Species are being lost at an unprecedented rate due to human-driven environmental changes. The cases in which species declared extinct can be revived are rare. However, here we report that a remote volcano in the Galápagos Islands hosts many giant tortoises with high ancestry from a species previously declared as extinct: Chelonoidis elephantopus or the Floreana tortoise. Of 150 individuals with distinctive morphology sampled from the volcano, genetic analyses revealed that 65 had C. elephantopus ancestry and thirty-two were translocated from the volcano's slopes to a captive breeding center. A genetically informed captive breeding program now being initiated will, over the next decades, return C. elephantopus tortoises to Floreana Island to serve as engineers of the island's ecosystems. Ironically, it was the haphazard translocations by mariners killing tortoises for food centuries ago that created the unique opportunity to revive this "lost" species today.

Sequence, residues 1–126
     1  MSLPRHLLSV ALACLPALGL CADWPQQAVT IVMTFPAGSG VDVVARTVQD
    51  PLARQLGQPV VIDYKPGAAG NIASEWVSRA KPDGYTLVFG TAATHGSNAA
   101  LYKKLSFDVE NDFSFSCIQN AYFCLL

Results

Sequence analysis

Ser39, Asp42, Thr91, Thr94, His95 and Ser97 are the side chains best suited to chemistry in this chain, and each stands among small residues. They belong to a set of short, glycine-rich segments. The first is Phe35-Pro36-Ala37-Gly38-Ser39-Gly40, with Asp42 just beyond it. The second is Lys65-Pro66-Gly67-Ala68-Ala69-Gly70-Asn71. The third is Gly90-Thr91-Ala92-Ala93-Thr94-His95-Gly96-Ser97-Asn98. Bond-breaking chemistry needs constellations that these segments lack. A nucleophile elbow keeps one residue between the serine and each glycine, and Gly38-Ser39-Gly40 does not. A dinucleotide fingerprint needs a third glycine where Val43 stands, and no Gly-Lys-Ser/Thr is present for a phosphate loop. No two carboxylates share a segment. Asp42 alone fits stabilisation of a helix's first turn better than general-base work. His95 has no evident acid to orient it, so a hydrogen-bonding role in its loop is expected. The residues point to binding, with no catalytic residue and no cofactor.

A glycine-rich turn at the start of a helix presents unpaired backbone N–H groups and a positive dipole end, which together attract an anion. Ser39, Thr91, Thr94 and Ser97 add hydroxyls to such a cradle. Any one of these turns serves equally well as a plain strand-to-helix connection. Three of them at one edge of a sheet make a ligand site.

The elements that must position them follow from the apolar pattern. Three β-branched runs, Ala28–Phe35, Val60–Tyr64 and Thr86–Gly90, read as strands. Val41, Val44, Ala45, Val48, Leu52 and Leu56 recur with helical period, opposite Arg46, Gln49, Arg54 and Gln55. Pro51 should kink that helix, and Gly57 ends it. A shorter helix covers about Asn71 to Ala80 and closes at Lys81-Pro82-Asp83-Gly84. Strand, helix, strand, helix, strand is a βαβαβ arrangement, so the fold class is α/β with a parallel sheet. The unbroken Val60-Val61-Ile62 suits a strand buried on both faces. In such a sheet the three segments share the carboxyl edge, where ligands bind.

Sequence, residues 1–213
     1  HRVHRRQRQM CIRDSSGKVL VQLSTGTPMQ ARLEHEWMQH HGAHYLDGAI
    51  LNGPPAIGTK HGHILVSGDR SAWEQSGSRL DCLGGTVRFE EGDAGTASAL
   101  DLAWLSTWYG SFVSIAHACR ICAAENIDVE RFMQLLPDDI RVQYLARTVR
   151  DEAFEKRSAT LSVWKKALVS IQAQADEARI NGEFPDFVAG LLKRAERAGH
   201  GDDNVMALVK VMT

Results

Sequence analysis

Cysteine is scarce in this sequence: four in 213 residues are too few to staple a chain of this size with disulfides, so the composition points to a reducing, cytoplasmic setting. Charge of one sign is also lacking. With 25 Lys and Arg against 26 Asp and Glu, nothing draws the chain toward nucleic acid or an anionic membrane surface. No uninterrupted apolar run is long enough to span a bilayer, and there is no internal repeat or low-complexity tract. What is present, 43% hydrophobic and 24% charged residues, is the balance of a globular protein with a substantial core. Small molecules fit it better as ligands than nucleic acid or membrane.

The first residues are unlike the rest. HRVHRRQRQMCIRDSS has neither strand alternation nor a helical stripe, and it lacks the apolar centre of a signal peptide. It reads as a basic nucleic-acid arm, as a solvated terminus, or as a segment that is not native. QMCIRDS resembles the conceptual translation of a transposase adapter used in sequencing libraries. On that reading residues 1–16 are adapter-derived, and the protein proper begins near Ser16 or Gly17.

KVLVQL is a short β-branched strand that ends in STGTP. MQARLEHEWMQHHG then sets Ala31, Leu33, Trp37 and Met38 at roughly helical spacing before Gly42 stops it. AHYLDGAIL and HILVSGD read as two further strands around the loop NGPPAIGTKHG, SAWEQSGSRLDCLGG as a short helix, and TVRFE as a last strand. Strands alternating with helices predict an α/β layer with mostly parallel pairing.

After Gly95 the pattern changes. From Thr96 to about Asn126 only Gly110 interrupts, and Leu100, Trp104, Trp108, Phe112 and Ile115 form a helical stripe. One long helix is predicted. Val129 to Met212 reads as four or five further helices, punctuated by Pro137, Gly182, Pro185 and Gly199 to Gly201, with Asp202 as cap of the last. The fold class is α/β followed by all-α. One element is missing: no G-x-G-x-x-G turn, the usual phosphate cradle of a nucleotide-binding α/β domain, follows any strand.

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- Galapagos Islands
- giant tortoises
- captive breeding